This following story was submitted by The Wolf.
ORIGINALLY PUBLISHED APRIL 2013
The next day the sun did rise and we awoke but Jordan was starting to get a really bad cold; plus I think that all that hiking took a toll on his body. We picked up our fly rods and headed towards Valley of the Pines. We soon came across a pristine pool of crystal clear cold water headed by a small dam. We fished for an hour or so and took some photos and headed off to Valley of the Pines to check out number 5 and 7 on our list. Of course expectations have been drastically reduced and we are now just living the adventure at this time and it is much more enjoyable with out all the extra pressure since I have stood down my public affairs personnel!
There were two locations I wanted to check out there; one was linked to the Tea with Olga story. Three colors (red, black and green) of tea translated into Horseshoe Lake as where warm waters halt. Forrest had a small story about how much iron goes into horseshoes, but I could not verify the source or temperature of water thus it was a weak connection to the clue. However, if you follow the East Fork River canyon down where it joins the Red River to the Valley of the Pines, there are a lot of Brown houses (log cabins) but nothing in particular I could liken to the home of brown. None the less, the “Red” River flows down through the village and has two tributaries flowing into it. One would be very similar to the Vietnam waterfall story with a meadow (number 7) and the other was “Black” Copper Canyon(number 5). We now have two of the three colors and I am hopeful some ground work would reveal the “green” connection. If you travel up the creek without a paddle you go under some power lines (heavy loads) come across a small pond (water high) that has two more creeks feeding it. I believe this pond is called Maggie’s pond.
This land is not part of the Carson Forrest so I am feeling there may be something here; however, it is posted heavily with private land signs. My research indicated there was an old mine further up the creek. I carefully traversed the creek until I located an historic mine. It was all locked up but around the corner there was a small cave, larger than the one I found yesterday, perhaps 40 feet long. Oh my, could this be it – the first line of the poem states “as I have gone alone in there”? Out comes that handy flashlight he keeps telling everyone to bring and I am thankful I heeded that advice. I carefully crawl in and it has a strange recognizable stench and I place my shirt over my nose and laboriously breath through it, as I shine the spot light on every square inch of the cave. I do not feel comfortable and start to wonder again – this must be where I must be “brave” and endure the “cold”. I quickly search and get out, and in a weird way I am glad I do not find the trove because I might have just left it there, as any more time in that cave would probably not be tolerated. I take a few photos and enjoy the beautiful view overlooking the small stream while I imagine how the old prospectors and miners would have processed the ore from the mine.
I now head back as it has been an hour and Jordan is probably starting to worry. I follow the other stream back and find the powder house that was once used to store the explosives to blast the ore out of the mine. I arrive at the car and Jordan is in a trance playing games on his iphone – so much for getting out into wilderness!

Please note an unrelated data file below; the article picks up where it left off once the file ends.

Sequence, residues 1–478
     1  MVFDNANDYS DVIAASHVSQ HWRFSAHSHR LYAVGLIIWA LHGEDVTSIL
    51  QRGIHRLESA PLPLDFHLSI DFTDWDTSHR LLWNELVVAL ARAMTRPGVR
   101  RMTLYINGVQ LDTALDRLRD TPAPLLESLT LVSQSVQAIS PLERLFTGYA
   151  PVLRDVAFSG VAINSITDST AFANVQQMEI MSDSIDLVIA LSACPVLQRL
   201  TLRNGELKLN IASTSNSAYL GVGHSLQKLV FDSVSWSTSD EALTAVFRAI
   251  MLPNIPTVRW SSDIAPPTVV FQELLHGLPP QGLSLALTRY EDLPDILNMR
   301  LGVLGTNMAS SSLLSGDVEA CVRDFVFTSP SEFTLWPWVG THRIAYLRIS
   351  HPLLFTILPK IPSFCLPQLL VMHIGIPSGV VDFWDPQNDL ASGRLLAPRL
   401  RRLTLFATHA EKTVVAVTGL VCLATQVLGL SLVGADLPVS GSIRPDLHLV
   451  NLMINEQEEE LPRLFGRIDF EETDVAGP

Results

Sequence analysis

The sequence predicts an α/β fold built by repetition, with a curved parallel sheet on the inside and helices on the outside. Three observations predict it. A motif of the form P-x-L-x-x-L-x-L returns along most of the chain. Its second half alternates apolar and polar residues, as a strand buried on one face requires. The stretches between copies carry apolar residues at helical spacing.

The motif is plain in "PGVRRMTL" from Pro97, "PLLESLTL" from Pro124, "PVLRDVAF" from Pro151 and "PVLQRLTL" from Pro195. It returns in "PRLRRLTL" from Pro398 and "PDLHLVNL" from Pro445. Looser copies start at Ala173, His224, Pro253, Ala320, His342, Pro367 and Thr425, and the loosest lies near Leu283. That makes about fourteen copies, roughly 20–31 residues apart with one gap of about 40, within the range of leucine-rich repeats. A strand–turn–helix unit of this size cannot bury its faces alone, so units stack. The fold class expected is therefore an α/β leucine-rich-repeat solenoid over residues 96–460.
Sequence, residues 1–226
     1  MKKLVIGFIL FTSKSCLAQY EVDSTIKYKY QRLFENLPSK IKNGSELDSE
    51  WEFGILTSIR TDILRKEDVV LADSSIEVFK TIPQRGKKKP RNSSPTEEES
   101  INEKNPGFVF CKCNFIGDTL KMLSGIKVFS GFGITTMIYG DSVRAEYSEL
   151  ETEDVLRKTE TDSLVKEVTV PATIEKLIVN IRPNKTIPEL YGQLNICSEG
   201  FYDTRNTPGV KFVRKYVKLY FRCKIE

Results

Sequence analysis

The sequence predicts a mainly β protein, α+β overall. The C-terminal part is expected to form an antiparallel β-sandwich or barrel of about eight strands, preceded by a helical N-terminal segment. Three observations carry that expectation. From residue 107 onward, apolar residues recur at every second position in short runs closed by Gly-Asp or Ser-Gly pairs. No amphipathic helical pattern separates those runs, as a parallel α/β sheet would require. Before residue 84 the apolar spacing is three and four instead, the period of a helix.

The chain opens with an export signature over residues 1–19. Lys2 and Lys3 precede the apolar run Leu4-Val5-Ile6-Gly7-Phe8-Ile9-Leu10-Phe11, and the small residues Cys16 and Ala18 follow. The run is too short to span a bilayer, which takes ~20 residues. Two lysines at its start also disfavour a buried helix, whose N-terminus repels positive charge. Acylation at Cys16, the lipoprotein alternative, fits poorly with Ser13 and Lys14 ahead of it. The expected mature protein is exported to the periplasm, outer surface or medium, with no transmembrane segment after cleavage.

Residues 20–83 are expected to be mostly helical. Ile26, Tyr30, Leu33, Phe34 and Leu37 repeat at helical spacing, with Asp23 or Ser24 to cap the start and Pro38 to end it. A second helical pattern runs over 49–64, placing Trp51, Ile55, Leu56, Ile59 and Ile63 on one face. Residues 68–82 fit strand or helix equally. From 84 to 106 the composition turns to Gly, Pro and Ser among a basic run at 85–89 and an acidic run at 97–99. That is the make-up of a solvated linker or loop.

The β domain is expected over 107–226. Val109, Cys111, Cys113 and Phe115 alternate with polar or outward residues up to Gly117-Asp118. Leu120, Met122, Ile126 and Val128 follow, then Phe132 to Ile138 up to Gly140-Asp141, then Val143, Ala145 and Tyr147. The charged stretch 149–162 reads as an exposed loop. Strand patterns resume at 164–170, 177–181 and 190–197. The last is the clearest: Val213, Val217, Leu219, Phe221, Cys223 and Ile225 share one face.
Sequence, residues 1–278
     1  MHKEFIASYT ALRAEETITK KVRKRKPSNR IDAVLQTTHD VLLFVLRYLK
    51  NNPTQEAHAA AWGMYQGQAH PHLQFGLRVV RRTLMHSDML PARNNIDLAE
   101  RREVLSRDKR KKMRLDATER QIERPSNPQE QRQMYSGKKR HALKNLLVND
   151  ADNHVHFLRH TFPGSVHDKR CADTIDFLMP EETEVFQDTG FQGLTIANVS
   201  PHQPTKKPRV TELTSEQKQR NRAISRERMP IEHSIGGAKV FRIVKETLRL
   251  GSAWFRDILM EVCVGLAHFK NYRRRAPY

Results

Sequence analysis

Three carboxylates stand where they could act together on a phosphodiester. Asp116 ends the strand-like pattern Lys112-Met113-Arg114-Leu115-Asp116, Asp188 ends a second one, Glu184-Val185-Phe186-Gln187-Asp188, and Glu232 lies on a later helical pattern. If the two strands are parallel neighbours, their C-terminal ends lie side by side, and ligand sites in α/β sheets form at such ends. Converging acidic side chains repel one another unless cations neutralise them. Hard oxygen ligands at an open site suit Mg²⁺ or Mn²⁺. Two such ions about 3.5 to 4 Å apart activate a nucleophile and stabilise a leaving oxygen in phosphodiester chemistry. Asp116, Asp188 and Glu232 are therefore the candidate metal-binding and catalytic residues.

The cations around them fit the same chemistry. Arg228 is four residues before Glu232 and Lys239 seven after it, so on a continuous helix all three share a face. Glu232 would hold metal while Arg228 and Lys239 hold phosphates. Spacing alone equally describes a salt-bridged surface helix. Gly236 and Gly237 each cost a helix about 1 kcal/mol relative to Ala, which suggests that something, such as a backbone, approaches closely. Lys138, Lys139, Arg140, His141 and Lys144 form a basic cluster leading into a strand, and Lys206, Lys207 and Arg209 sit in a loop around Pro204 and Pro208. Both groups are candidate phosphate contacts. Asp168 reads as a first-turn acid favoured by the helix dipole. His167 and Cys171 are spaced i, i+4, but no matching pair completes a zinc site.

Next we follow the 578 highway towards Wheeler Peak and investigate area 8 and 9 but nothing exists to verify any clues so we head towards area one. While en route we investigate area 6 but we cannot locate the access so we just fish instead. This is the life! We pack up and head to area one and re-search some areas that I felt were under searched on our first scan. Jordan is now very tired and falls asleep so I go it alone again. This is not as much fun but the scenery is so spectacular that feeling soon goes away. Since Jordan is ill, I decide to turn it in early and get an early start the next day.
The next morning Jordan is still under the weather but since the day is so inviting, I head out with the promise to be back by 10am – of course I bring my PLB. I arrive at area 6 and I really am just going for an enjoyable hike in this place that keeps calling to me. There are only 3 clues linking it to the poem but I just can’t resist. I finally find access to the area (third time lucky) and take some really cool pictures and I return a half hour late. After a much needed sleep Jordan is feeling refreshed and we head to the Red River Fish Hatchery to try and catch some Brown trout. We head down the Pescado trail that JP talked about, do a little fishing and talk to some hikers. After a very enjoyable afternoon we decide to head back and search a couple of spots I feel I missed during day one at the Taos Ski Valley. On the way, I marvel at the nearly infinite number of hiding spots along this trail and realize that perhaps an area can never be searched too much. At this point, I remind myself that I am on a mission here and that I need to be cognizant of my surroundings, so I start scanning for blazes all the while thinking that this is pretty tough searching with the countless number of nooks and crannies that Forrest could have hidden this treasure.
I climb over a small hill, look up and instantly freeze. I run the gauntlet of emotions as they rapidly flash through my mind – I am dumbfounded. Could this be the blaze that no one has been able to locate? It can’t be; this has been searched too thoroughly, yet this is too obvious, I am totally perplexed ….